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May 25, 2018

Male vs Female: How to Identify Adult Ducks


A common question we get is if a duck is a male or female. This can be determined using a few different methods. Most ducks can be identified by using a couple of physical attributes while others can be identified by their coloring.

Size

Simply put, male ducks are usually bigger than females. The size of the head and body are usually bigger and bulkier. Of course, there are exceptions such as with an abnormally small male or abnormally large female, but this is a good general start.

 

 

 



Tail

A male duck of all common breeds (except the Muscovy) grows a distinctly curled feather in its tail. The lack of a curly feather, however, does not indicate a female as it could have been pulled or molted. However, a curly feather does indicate a male. The curly feather appears within about eight weeks.


As an interesting aside, the reason all domestic male ducks (besides the Muscovy) have curly feathers is because they all originated from the Mallard breed and Mallard males have a curly feather on their tail. You look at all other wild ducks - Teals, Wood, Mandarin, Shoveler, Canvasback, etc - and none of the males have a curly feather on their tail. Only the Mallard male has a curly feather - so that is one of the reasons we know that all domestic ducks where the male has a curly feather originate from Mallards.

Voice

Sadly, the cute chirp of a duckling starts to change within several weeks. By eight to ten weeks males have a deep, raspy voice while females maintain the loud QUACK. For practice you can listen to our video of male and female duck’s voices.


Coloring

There are breeds of ducks that are sex-linked in their coloring. The best examples are the Mallard and Rouen breeds. Both males and females start as a black and yellow ducklings and turn brown once they get their first feathers. But when they start to get another set of feathers at about 12 weeks, the males begin to get their green heads, cinnamon chest and silver belly. For some other breeds like the Buff, Fawn and White Runner, Khaki Campbell, Welsh Harlequin and Silver Appleyard, the males will have a different coloration in their head and/or body feathers, though not as striking as the Mallard and Rouen.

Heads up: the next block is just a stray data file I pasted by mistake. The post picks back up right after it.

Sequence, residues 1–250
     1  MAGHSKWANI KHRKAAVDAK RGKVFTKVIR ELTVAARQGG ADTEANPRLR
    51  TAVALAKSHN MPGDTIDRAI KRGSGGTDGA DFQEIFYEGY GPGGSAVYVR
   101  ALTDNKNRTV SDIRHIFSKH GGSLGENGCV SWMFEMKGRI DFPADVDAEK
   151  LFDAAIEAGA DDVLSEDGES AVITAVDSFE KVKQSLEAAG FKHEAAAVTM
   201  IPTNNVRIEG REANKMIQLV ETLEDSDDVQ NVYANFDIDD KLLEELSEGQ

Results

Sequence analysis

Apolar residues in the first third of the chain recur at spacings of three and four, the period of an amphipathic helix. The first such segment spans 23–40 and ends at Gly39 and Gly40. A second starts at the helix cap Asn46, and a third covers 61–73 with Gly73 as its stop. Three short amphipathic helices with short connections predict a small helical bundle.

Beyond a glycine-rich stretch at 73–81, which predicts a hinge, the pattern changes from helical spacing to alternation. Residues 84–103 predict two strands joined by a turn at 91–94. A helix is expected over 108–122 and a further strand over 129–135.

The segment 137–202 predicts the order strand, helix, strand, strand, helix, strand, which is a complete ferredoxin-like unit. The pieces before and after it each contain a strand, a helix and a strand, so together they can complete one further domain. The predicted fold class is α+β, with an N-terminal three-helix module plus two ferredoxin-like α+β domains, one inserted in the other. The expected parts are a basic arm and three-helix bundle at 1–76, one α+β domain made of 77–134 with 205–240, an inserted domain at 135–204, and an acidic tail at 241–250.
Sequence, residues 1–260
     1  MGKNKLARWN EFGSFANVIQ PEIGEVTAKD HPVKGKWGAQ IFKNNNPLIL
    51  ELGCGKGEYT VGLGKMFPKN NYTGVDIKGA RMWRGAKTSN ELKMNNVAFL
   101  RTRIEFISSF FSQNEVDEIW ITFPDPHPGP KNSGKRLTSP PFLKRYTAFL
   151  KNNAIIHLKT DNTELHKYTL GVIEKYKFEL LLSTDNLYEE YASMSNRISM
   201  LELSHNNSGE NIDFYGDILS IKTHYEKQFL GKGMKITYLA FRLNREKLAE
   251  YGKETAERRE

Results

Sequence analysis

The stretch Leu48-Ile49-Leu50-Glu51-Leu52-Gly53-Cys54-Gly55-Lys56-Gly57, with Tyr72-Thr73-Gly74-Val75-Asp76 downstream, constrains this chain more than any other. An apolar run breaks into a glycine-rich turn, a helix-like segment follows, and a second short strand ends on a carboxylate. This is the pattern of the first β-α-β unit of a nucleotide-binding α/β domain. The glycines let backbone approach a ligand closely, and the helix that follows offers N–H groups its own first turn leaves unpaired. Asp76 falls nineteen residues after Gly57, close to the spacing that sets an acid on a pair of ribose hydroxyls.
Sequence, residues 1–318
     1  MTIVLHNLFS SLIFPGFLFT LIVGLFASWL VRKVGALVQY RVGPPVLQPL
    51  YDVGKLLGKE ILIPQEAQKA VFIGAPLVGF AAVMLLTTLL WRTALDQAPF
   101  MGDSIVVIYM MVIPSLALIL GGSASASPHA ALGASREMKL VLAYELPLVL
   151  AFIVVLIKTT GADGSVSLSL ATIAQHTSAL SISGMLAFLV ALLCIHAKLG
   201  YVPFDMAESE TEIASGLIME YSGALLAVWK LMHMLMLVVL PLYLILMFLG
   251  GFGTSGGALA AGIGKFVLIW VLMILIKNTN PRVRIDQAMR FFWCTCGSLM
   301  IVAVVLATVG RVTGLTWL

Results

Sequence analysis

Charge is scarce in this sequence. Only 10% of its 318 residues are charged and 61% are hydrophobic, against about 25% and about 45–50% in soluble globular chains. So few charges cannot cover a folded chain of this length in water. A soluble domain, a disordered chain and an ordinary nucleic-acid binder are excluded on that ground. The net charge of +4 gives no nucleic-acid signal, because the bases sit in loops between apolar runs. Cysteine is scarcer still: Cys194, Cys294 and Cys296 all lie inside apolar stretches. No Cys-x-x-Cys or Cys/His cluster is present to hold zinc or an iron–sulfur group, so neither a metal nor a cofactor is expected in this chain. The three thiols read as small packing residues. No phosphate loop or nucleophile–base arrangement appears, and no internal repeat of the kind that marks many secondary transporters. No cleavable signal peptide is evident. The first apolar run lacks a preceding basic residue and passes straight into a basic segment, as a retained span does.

Some breeds have a different colored bill for males and females. This is true of the Khaki Campbell and Welsh Harlequin where the males have lighter colored bill than the females.

If All Else Fails

If you still cannot determine the sex by the size, tail, voice, or coloring, there is vent sexing. We will be covering this in a future post, so stay tuned.

March 23, 2018

Golden 300 Hybrid and White Layer Ducks


Golden 300 Hybrid ducks
The Golden 300 Hybrid was developed by us in 1996 in order to meet customer demand for ducks that produce a high volume of eggs but are calmer than the Khaki Campbell. Several years after that the White Layer was developed as customers wanted a duck that had a lighter colored embryo for balut purposes.